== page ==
Newsom signs bill to track certain sexually violent offenders through GPS systems

Rancho Bernardo residents held up signs to oppose sexually violent predator Douglas Badger's placement in their community.
Rancho Bernardo residents last year express opposition to a sexually violent predator being placed in the community. (Elizabeth Marie Himchak)
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Law enforcement groups and criminal justice reformers are at odds over a bill signed Tuesday by Gov. Gavin Newsom that will allow the state to keep tabs on certain "sexually violent predators" through the Global Positioning System.

Lawmakers passed AB 1641 with an overwhelming majority in both the Assembly and Senate. Authored by Assemblymember Brian Maienschein (D-San Diego), the bill will require such predators to be monitored while on a conditional release program from rehabilitation programs.

Both the American Civil Liberties Union California Action and California Attorneys for Criminal Justice opposed the legislation.

"Persons who are granted conditional release under the Sexually Violent Predator Act have been determined by the court, based upon expert opinion, not to pose a danger to the public," the ACLU wrote in a statement.

The group called the GPS tracking approach a "questionable practice," arguing that convicted sexual offenders who are granted conditional release have already served time in prison and receive treatment at Coalinga State Hospital.

Built in 2005, the hospital treats sexually violent predators who suffer from mental disorders that prevent them from being released back into society until they undergo a therapy program. The hospital has a goal of rehabilitating and releasing former inmates, but few opt for the therapy, which has raised questions about its $250-million budget.

The state undertakes annual assessments of these individuals to determine whether they can be placed in a step-down program to transition back to their communities. Critics say a blanket requirement for GPS monitoring is arbitrary and an invasion of privacy.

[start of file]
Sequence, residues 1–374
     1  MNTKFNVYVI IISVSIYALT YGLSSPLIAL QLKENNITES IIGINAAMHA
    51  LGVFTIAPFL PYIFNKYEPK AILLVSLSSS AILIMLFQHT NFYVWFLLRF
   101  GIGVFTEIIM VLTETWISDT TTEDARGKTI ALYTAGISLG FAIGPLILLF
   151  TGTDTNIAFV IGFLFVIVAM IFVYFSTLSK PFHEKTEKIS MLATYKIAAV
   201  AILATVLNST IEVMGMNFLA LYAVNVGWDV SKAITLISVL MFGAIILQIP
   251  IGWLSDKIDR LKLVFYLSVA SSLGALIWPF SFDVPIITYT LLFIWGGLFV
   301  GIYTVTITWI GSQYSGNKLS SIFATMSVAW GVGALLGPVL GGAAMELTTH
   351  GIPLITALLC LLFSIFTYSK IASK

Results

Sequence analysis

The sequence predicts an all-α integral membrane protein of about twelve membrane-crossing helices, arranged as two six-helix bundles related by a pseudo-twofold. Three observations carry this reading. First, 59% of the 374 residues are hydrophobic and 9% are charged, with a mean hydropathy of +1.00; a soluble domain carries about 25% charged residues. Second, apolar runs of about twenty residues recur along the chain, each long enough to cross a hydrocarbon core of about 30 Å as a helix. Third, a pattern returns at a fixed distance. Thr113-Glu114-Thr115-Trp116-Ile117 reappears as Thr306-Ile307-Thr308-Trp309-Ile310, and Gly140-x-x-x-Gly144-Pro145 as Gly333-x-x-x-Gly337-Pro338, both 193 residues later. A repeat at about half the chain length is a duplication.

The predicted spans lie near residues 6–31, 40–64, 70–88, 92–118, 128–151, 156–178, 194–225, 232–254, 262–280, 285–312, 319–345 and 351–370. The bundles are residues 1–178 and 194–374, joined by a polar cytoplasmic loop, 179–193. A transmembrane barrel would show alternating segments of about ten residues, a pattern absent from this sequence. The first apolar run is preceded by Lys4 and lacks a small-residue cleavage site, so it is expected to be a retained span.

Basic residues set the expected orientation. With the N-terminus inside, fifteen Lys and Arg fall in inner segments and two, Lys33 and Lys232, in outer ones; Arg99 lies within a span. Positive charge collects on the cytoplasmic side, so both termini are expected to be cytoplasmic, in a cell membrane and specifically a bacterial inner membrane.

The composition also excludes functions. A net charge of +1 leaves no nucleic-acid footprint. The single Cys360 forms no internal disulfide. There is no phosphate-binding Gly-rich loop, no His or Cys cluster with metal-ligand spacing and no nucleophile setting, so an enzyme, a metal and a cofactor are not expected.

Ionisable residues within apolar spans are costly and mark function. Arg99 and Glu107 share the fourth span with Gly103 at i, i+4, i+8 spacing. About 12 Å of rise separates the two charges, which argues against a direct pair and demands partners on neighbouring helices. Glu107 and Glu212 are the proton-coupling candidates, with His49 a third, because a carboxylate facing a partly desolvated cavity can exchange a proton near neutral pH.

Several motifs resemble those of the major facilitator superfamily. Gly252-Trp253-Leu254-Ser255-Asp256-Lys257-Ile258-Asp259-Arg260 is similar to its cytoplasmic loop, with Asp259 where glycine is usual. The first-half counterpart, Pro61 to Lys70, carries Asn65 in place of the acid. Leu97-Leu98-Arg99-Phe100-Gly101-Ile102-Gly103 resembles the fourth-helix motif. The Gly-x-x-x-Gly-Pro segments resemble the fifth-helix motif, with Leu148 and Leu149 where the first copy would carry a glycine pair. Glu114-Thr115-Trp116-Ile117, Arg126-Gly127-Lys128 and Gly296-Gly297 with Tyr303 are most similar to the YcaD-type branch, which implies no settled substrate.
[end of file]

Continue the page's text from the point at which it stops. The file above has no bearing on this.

"It's a one-size-fits-all approach to a wide range of people and situations," wrote Stephen Munkelt, executive director of California Attorneys for Criminal Justice, adding that placing a tracking device on individuals who have gone through a rehabilitation system creates psychological pressure that they are being watched.

In a statement in support of the bill, the Peace Officers Research Assn. of California said it would "clarify some ambiguities in the law and ensure the public's safety."

Similarly, the California State Sheriffs' Assn. supported the bill, saying it is in the "best interest" of the public.

“Sexually violent predators have proven themselves to be among some of the most dangerous criminals,” said Assemblymember Brian Maienschein. “When Rancho Bernardo was selected as the proposed placement location of an SVP [sexually violent predator] last year, I immediately began researching the conditional release process... My bill will ensure that law enforcement are provided with an additional tool to help protect our communities from these criminals.”

Newsom on Tuesday signed 36 other bills and vetoed two, according to a press release from his office.

This story originally appeared in Los Angeles Times.